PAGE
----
The Equal Employment Opportunity Commission has been busy working on its new pet project: pregnancy discrimination. And legislative proposals before Congress would give pregnant workers new rights to ask for workplace accommodations.
The proof? In September alone, the agency sued three employers for allegedly discriminating against expectant mothers — and settled a similar case for $30,000.
A quick look at the cases:
Chemcore Industries, a Georgia-based plumbing supply firm, agreed to the $30k settlement after the EEOC charged that Chemcore fired customer service rep Marie Simmons just hours after she disclosed her pregnancy to her supervisor.
The EEOC filed suit against Quest Intelligence Group, a California security services firm, charging that the employer unlawfully refused to restate a woman who was returning from maternity leave.
According to the EEOC, when security guard Tabitha Feeney contacted Quest to schedule her return to work after taking leave to have a baby, she was told that there was no work for her and that she would be called if work became available.
That call never came. But, the EEOC alleged, Quest advertised openings for security guard positions and hired several males within weeks of Feeney’s request to return to work.
Written policy unlawful, agency charges
Bayou City Wings, a restaurant chain in Texas, was sued by the EEOC on account of its written policy that pregnant workers were required to be laid off after the third month of their pregnancies.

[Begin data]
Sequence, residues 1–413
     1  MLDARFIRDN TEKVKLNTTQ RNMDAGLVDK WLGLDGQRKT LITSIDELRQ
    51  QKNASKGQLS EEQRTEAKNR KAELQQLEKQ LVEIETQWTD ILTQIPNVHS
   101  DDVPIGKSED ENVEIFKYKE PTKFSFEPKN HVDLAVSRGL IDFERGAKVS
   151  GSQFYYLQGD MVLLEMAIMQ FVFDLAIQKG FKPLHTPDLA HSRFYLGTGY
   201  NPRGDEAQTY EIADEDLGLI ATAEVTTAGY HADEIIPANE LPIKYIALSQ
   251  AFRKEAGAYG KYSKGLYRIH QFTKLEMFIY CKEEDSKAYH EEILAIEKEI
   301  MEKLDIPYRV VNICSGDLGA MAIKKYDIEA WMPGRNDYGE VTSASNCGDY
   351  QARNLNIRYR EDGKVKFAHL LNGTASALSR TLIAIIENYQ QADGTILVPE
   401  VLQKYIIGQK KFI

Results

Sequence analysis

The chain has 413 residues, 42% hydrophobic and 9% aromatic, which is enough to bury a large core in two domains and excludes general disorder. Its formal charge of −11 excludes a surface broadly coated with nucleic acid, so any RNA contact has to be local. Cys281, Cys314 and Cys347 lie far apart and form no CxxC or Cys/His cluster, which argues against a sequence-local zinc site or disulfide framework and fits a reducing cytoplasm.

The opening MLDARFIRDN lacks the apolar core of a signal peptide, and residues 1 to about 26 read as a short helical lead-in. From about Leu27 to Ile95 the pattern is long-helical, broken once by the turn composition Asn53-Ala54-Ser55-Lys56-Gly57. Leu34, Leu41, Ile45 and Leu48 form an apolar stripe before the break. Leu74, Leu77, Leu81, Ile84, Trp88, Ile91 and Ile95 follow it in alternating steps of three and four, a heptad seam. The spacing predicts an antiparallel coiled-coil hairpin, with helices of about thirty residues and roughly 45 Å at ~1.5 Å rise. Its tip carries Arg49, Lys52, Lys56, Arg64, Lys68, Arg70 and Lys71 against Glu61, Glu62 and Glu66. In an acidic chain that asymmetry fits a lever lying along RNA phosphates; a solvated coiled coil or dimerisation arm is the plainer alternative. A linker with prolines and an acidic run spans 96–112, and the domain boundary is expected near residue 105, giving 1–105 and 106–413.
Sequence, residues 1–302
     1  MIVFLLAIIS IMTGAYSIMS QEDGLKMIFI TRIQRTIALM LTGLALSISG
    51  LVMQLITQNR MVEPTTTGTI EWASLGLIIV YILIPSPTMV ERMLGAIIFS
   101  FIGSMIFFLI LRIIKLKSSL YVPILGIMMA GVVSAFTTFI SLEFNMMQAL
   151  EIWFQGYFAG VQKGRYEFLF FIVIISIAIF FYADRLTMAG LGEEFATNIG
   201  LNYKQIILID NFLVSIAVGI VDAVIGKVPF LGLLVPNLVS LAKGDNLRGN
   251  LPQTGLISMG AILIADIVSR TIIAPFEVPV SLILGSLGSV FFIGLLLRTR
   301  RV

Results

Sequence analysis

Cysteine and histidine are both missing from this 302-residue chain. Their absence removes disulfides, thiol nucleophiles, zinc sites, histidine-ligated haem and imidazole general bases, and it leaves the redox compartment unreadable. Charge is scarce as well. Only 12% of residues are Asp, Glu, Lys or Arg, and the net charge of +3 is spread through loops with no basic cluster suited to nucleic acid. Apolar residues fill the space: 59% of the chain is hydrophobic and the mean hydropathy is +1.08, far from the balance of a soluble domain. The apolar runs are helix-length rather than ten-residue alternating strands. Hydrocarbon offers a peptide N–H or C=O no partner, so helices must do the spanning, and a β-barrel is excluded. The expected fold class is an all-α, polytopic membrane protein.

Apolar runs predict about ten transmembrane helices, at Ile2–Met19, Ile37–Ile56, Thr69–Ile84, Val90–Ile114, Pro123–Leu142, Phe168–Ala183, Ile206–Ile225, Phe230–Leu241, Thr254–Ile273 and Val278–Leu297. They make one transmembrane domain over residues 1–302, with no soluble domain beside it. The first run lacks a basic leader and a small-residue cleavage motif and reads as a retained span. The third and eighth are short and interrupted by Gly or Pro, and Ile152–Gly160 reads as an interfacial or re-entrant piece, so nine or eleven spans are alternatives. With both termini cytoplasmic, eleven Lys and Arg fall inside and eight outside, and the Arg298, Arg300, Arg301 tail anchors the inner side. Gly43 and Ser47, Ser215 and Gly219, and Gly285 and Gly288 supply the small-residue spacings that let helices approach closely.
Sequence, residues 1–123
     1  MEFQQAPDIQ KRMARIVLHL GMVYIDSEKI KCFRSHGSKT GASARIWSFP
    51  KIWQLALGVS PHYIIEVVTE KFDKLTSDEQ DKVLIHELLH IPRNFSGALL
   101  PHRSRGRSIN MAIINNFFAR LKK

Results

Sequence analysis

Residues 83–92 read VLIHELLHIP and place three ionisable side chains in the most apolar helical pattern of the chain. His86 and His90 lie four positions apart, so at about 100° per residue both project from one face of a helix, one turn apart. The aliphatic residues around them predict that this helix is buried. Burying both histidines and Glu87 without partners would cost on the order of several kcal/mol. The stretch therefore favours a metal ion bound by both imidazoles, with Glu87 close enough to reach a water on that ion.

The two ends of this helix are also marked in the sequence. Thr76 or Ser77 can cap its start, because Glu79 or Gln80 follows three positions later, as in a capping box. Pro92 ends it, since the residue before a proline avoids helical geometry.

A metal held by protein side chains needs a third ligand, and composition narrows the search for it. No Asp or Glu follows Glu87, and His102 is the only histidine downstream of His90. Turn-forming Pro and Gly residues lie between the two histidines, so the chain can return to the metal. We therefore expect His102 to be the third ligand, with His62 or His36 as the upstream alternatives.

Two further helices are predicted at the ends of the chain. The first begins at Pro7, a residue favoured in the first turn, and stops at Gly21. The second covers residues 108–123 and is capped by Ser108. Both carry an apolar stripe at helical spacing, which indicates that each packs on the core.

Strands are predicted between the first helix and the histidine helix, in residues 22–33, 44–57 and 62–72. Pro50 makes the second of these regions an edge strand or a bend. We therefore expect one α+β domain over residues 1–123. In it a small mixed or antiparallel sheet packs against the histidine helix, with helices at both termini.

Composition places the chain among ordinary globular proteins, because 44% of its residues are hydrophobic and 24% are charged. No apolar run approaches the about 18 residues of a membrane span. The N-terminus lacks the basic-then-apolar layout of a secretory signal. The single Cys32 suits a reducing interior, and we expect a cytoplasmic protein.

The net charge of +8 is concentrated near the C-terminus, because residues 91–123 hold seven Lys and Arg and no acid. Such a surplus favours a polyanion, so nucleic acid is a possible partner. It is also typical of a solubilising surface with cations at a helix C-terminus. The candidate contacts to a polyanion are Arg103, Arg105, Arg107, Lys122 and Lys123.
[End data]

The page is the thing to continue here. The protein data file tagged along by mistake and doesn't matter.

Agency officials said Maryann Castillo and other female workers were laid off on account of the policy, which was set out in Bayou City Wings’ employee handbook. Castillo was fired in spite of the fact she had provided a doctor’s note that indicated she could work up to the 36th week of her pregnancy. Her doctor had not placed any restrictions on her ability to work.
During the EEOC’s investigation of the bias claim filed by Castillo, Bayou City Wings named eight female employees who were laid off from work because of their pregnancies.
Another restaurant, J’s Seafood of Panama City, FL, was the subject of another EEOC lawsuit, this one alleging that the employer had illegally discharged two servers because they were pregnant.
Agency spokesmen said the servers were fired because their pregnancies caused them to be a liability to the company.
Bill would call for new accommodations
All this comes at the same time the Pregnant Workers Fairness Act (S.3565) has come before the Senate.
The PWFA, modeled on the Americans with Disabilities Act, would require reasonable workplace accommodations for workers whose ability to perform the functions of a job are limited by pregnancy, childbirth, or a related medical condition.
A similar bill (H.R.5647) has been introduced in the House.